The new tenants at 132 South Road in Enfield are cold-blooded and have scaly skin.
The first time I called Brian Kleinman at his new place of business, he couldn’t come to the phone because he was busy moving an alligator to its 6000 gallon concrete pool.
By the time I caught up with him a few weeks later, the alligator, now accustomed to its new home, had been joined by a variety of tortoises and turtles moseying around their open displays in the main exhibit hall of the Riverside Reptiles Education Center in Enfield. Located at 132 South Road, the site which, through the last 50 years has operated as a supermarket, rental equipment supplier, and day care center, is still in the process of being renovated into its most unique enterprise yet: a living classroom meant to educate people about how to better understand and appreciate snakes, lizards, crocodiles, turtles, and tortoises.
Brian has long sought a “home” for the cold-blooded species he takes on the road to schools, libraries, and parks in outreach programs. “Now I can take all the animals out of my house and my wife can have her basement back,” says Brian who grew up in Barkhamsted in the 80s and 90s. “We didn’t have any malls nearby, so I hung out in 6000 acres of state forest.” Summer camps at Roaring Brook Nature Center in Canton led him to major in biology at Franklin Pierce College in New England.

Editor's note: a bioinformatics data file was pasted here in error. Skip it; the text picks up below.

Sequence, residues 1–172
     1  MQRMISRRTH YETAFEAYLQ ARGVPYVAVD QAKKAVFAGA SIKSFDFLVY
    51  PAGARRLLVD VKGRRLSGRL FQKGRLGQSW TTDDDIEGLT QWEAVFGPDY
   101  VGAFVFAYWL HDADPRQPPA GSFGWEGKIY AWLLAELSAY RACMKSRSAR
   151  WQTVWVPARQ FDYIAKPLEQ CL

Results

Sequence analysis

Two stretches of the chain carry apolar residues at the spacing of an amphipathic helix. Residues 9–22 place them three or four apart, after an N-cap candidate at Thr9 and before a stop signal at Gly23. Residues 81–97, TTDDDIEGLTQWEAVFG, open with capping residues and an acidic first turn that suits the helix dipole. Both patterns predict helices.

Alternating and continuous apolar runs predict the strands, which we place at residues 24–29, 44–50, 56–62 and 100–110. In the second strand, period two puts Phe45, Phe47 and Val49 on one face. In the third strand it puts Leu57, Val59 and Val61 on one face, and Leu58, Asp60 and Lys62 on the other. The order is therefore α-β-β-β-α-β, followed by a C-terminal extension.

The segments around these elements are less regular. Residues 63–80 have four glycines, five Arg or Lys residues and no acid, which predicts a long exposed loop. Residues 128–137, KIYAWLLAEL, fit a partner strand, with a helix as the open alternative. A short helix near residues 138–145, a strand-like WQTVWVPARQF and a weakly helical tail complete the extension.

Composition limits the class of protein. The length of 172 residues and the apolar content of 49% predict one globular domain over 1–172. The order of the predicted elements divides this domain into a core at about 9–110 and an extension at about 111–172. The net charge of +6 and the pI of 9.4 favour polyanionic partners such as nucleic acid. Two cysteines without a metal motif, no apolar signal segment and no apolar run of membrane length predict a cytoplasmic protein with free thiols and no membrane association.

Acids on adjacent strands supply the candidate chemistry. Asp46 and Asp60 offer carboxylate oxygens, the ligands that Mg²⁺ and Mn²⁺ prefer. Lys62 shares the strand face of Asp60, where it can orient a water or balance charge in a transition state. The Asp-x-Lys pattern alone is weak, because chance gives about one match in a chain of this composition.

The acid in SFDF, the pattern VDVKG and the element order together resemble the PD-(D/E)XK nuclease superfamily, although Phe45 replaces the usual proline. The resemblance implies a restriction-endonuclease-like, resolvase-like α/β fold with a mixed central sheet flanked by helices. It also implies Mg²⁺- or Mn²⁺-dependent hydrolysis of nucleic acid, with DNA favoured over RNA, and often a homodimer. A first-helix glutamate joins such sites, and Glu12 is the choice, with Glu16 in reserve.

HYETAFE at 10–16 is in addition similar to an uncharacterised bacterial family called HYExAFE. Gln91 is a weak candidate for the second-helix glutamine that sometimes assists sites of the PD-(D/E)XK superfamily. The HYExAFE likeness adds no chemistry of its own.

With all creatures, great and small, to choose from, what led Brian to focus his life’s work on cold-blooded, scaly reptiles? “I’m fond of animals that are misunderstood,” says Brian. He adds, “There’s nothing like this center in 150 miles. We have more reptiles than the Bronx Zoo.”
Brian hopes to open the reptilian nature center to the public sometime in April. By then the second phase of his plan should be well underway– outdoor enclosures for the tortoises.
Brian Kleinman, owner of the Riverside Reptile Education Center in Enfield, updates his Facebook followers on the progress of his work with Napoleon the lizard on his shoulder.